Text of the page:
Using households rather than enterprises as the analytical unit, this study of 1,755 households in Nairobi's slums reveals that informal household microenterprises are indeed helping offset poverty. Microenterprises are helping households that are, a priori, more likely to be poor. Better microenterprise performance is associated with certain "business-related" factors, such as sales area, time in, and sector of operation. But "living conditions"--residential tenure and infrastructure access--also strongly influence both creation and success of microenterprises. Interventions that improve infrastructure and reduce tenure insecurity and rent-induced pressures to move may be crucial for incubating microenterprises and reinforcing their contribution to poverty alleviation in Nairobi's slums.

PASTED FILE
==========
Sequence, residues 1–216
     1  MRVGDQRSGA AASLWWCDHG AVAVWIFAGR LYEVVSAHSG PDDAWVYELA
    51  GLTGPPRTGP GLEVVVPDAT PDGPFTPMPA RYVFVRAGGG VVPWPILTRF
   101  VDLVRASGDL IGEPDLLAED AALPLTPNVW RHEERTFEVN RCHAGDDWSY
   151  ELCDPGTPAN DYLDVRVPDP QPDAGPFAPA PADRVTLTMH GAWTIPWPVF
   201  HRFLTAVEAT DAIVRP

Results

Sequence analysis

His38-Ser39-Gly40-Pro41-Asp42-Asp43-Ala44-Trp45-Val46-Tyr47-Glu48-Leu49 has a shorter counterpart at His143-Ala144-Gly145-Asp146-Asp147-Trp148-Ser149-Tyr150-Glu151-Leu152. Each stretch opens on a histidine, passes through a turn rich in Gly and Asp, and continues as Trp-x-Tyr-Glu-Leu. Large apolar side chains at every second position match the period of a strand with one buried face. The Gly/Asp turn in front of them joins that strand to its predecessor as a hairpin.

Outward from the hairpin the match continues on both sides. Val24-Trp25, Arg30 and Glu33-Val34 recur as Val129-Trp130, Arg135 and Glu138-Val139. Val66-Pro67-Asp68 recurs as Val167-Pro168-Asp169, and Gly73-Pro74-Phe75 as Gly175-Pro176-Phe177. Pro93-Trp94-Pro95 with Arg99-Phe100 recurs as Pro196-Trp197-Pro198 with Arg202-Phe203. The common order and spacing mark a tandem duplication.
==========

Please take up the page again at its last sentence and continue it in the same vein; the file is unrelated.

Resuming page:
This study of 1,755 households in Nairobi's slums challenges the conventional belief that slums offer low-quality, low-cost shelter to a population that cannot afford better standards. In Nairobi, slums provide low-quality but high-cost shelter. Although slum residents pay millions of dollars in rents annually, and better quality units command higher rents, very little is being re-invested to upgrade quality. To resolve the challenge that the Nairobi puzzle poses for theory and practice, we develop a new analytical framework for understanding quality of living conditions. Improving conditions in Nairobi's slums requires, we argue, two simultaneous interventions: alteration of the tenure mix to enhance owner occupancy and infrastructure investment.